1st Cavalry Division
Thought it traces its history back to 1855 and the 5th Cavalry, the 1st Cavalry Division, "First Team," was first formally constituted on 20 August 1921 in the Regular Army as Headquarters, 1st Cavalry Division. With the initiation of the National Defense Act, the 1st Cavalry Division was formally activated on 13 September 1921 at Fort Bliss, Texas. That day, the 7th and 8th Cavalry Regiments were assigned to the Division. The 5th Cavalry Regiment was assigned on 6 December 1922.
In addition to 3 of the 4 regiments of the cavalry, the original organization included the 82nd Field Artillery Battalion (Horse), the 13th Signal Troop, the 27th Ordnance Company, Division Headquarters, and the 1st Cavalry Division Quartermaster Train, which later became the 15th Replacement Company. Major General Robert L. Howze was assigned as the first division commander.
The 1st Cavalry Division's early history was largely a saga of rough riding, patrolling the Mexican border, and constant training. Operating from horseback, the cavalry was the only force capable of piercing the desert's harsh terrain and halting the band of smugglers that operated along the desolate Mexican border. As the depression of the 1930's forced thousands of workers into the streets, the Division was asked to provide training for 62,500 people in the Civilian Conservation Youth Corps. These workers constructed barracks for 20,000 anti-aircraft troops at Fort Bliss, Texas in preparation for the Air Age.
Although the 1st Cavalry Division was created as a result of a proven need for large horse-mounted formations, by 1940, the march of progress had left the horse far behind. The era of the tank, automobile, aircraft, and parachute had dawned and eclipsed the age of the armored horseman. The Japanese surprise attack on Pearl Harbor erased all doubt. An impatient 1st Cavalry Division was dismounted in 1943 and processed for overseas movement to the Southwest Pacific as foot soldiers. This lead to the change in the unit's designation, with its headquarters being reorganized and redesignated on 4 December 1943 as Headquarters, 1st Cavalry Division, Special.
After 6 months of training in Australia, the Division got its first taste of combat. On 29 February 1944, the men of the Division sailed for the Admiralty Islands and stormed ashore in an amphibious landing at Los Negros Island. After a fierce campaign in which the enemy lost some 7,000 combat soldiers, the Division could look with pride on its first combat test of World War II.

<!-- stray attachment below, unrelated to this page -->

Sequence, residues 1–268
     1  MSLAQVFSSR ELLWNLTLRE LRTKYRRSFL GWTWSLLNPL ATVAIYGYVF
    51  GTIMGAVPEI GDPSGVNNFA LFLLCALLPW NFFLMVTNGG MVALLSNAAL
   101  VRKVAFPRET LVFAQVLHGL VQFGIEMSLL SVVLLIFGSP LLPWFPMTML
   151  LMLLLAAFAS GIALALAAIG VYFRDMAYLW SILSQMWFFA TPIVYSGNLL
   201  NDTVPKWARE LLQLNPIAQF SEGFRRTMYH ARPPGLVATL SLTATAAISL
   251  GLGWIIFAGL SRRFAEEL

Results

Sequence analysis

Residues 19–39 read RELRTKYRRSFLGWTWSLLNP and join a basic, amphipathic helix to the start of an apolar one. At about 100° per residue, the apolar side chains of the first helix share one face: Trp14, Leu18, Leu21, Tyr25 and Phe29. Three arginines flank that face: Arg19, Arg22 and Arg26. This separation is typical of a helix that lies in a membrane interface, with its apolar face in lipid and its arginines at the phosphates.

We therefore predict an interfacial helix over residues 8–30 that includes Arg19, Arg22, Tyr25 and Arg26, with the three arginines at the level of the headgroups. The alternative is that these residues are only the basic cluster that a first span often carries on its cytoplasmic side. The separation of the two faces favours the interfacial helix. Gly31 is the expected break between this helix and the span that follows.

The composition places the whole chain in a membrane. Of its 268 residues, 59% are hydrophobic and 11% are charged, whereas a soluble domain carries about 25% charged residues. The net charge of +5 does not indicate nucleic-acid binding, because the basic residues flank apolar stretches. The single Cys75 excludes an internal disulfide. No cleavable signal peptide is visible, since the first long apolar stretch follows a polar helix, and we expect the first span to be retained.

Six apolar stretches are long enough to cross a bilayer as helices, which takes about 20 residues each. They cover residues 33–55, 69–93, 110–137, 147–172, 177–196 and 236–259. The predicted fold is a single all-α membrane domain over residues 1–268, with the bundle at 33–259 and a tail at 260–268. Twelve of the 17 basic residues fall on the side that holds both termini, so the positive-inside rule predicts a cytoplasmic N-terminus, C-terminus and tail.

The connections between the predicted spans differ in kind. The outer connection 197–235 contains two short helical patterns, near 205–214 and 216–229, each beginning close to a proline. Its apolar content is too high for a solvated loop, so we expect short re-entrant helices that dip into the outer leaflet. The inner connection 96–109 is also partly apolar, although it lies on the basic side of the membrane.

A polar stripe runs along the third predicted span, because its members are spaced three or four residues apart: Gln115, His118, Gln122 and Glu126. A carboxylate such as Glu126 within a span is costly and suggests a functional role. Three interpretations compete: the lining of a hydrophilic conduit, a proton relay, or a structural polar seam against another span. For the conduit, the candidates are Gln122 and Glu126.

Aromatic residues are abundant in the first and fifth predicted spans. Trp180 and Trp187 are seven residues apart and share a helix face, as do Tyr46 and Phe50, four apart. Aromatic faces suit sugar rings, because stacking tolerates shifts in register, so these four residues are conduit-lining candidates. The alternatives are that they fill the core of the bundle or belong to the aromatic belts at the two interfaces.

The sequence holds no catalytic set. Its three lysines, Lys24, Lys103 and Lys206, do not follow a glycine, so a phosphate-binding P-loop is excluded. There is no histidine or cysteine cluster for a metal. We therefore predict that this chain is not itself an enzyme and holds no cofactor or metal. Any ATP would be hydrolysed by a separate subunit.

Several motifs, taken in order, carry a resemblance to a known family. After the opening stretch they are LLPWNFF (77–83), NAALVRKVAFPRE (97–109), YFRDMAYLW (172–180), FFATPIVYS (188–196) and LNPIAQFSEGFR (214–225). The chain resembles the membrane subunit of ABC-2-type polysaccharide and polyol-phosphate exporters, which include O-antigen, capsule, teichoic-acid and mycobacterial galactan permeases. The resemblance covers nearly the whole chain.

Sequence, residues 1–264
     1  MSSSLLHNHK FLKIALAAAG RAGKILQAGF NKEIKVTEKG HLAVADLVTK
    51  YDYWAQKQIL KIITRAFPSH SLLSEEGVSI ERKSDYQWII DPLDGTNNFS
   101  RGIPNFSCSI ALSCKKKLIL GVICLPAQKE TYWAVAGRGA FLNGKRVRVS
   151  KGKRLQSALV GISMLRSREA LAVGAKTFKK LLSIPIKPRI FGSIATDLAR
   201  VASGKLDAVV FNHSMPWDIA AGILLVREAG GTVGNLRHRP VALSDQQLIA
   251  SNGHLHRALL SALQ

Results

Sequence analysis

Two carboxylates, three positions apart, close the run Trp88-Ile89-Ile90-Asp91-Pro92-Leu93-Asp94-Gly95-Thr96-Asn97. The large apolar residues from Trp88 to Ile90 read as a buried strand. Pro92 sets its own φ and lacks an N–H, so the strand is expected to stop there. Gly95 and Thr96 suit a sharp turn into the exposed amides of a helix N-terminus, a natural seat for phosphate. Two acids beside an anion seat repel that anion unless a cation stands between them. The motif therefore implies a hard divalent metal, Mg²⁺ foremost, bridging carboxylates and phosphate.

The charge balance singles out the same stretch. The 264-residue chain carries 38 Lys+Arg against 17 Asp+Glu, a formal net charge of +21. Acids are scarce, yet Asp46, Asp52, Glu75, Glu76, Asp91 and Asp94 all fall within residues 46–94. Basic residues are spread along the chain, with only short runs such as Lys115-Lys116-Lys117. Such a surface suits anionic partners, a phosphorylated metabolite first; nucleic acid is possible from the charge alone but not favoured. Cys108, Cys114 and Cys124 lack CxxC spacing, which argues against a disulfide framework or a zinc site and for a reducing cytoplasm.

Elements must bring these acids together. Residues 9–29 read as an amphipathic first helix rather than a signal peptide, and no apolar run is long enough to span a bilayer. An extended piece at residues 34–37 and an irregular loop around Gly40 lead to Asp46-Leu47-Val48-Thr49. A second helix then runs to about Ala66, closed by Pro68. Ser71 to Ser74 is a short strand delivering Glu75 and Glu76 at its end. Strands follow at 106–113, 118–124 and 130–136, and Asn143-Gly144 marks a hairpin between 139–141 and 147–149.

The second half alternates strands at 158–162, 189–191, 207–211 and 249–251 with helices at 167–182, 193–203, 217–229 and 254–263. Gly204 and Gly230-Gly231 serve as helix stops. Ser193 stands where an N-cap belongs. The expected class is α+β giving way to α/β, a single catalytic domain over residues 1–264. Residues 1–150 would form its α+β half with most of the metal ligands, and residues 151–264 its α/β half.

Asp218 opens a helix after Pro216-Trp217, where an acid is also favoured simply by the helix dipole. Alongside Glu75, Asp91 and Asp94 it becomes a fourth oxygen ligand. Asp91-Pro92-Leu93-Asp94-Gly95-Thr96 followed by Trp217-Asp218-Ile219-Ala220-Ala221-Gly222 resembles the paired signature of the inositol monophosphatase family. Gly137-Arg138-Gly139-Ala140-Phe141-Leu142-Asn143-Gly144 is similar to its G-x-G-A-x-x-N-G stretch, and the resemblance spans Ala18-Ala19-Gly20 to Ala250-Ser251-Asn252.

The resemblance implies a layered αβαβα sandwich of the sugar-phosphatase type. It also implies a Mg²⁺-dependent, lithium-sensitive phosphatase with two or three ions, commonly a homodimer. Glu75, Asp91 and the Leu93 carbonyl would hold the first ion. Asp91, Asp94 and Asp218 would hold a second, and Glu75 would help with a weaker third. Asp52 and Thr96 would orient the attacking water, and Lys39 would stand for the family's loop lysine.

The next action for the cavalry troopers was on the Philippine Island of Leyte. The Division fought tirelessly against the Japanese fortification. With the last of the strong-holds eliminated, the Division moved on to Luzon, the main island of the Philippines. One of the First Team's most noted feats was accomplished during the fighting for Luzon. On 31 January 1945, General Douglas MacArthur issued the order, "Go to Manila, free the prisoners at Santo Tomas, take Malacanan Palace and the legislative building." The next day, the "flying column," as the element came to be known, jumped off to slice through 100 miles of Japanese territory. Hours later, the 1st Cavalry was in Manila and the prisoners were freed. The First Team was "First in Manila."
As the war came to a sudden end, MacArthur's First Team was given the honor of leading the Allied Occupational Army into Tokyo, achieving its second notable first, "First in Tokyo." There in 1945 it units converted entirely to infantry organizations, with the Headquarters, 1st Cavalry Division being reorganized and redesignated on 25 March 1949 as Headquarters, 1st Cavalry Division (Infantry).
On 18 July 1950, the 1st Cavalry Division plunged ashore at Pohangdong, South Korea to successfully carry out the first amphibious landing of the Korean conflict. The landing at Pohangdong helped halt the North Korean war machine at the Pusan perimeter. The Division broke out of the perimeter in mid-September 1950 and started north. Crossing the 38th Parallel on 9 October 1950, the troopers of the 1st Cavalry Division crashed into Pyongyang, capturing the capital city of North Korea on 19 October 1950. This marked the third first for the Division, "First in Pyongyang."
The sudden intervention of Communist Chinese forces dashed hopes of a quick end to the war. First Team troopers fought courageously in the see-saw campaigns that followed, and successfully defended the city of Seoul. By January 1952, the 1st Cavalry Division, after 18 months of continuous fighting, rotated back to Hokkaido, Japan, returning to Korea in 1957 where they patrolled the Demilitarized Zone until 1965. Headquarters, 1st Cavalry Division (Infantry) was reorganized and redesignated on 1 July 1960 as Headquarters and Headquarters Company, 1st Cavalry Division.
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